2 x 260 hp ea.
2 or 3 - 7.92 mm
40 ft. 9 in.
77 ft. 9 in.
Gotha G.V bombers were introduced by Germany as an improvement over Zeppelins in speed and maneuverability. They had the ability to fly at relatively high altitudes and at night.
Unique to large aircraft of the time was a somewhat streamlined, narrow fuselage. The bombers were fabricated from wood and steel, covered with plywood and fabric. Gotha
G.V bomber in-line piston engines were placed close to the fuselage.
That enabled easier handling in case a single engine was disabled. The engines, mounted between the wings, drove pusher propellers.
The trailing edge of the upper wing had a large section removed to give clearance to the propeller blades.
Some aircraft were equipped with a rear machine gun that fired through an opening in the lower rear deck of the aircraft. This made it more difficult to attack from below and to the rear, formerly a blind
spot, and a favorite position of fighter aircraft.
The bombers were deployed on the Eastern Front starting in November of 1916. However, engine problems limited their use until more reliable engines were introduced in early 1917.
Estimates are that Germany had a total of 36 available for missions at their peak of operations.
From May of 1917 through May of 1918 they attacked England some twenty two times and dropped some 166,000 lbs. of ordnance.
The first major raid on England was by some 21 aircraft and took place on May 25, 1917 over Kent. A total of 14 Gotha's attacked London for the first time on June 16, 1917 in a bold daylight raid.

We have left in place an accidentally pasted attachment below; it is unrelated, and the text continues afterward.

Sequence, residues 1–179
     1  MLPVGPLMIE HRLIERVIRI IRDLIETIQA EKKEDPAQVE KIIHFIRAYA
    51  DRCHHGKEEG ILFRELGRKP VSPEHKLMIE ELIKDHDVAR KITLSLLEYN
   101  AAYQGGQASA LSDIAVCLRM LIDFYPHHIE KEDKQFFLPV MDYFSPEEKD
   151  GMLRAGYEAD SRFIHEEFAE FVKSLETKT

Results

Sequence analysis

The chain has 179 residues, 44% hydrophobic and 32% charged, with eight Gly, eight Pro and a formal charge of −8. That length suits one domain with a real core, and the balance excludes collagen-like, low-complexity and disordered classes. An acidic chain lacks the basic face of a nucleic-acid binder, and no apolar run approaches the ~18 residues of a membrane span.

These were relatively high level flights, taking place at altitudes of up to 16,000 feet. Defending fighter aircraft of the day had a difficult time intercepting the Gotha's at those altitudes.
However, bomber ordnance loads had to be lessened in order to achieve those heights.
The effectiveness of the Gotha G.V bombers was greatly reduced when the fast climbing British interceptor was introduced in the latter part of 1917.
Approximately 60 Gotha G.V bombers were destroyed during this period, either from enemy fire, bad landings, or other accidents.
It became common practice for the bombers to fly in close formation. This enabled each aircraft to provided a defensive umbrella of covering machine gun fire for other aircraft in the formation.
A total of over 200 Gotha G.V bombers were produced.
Pictured above and in the first two photos below is the Gotha G.V from Arizona Model Aircrafters. They have two Gotha G.V models for sale. One is 1/12 scale with a 84" wingspan. The other is 1/6 scale with a 156" wingspan. Both are from laser
cut kits and are for twin pusher electric power. The kits include guns and detailed cockpits.
The third picture below is of the Gotha G.V built by Von Jaerschky. The scratch built radio control airplane has a wingspan of 78" and is powered by geared 400 motors. Weight is 3 lbs. 2 oz.
The bottom picture is of the Gotha G.V foamy built by Wildweasel09 of RC Groups. Its wingspan is 40". Power comes from a pair of 38 Watt motors. It weighs just 12 oz.
Cleveland Model has Gotha G.V plans with wingspans of 29", 39", 59", 78", giant scale 117", 156 1/2", and 235".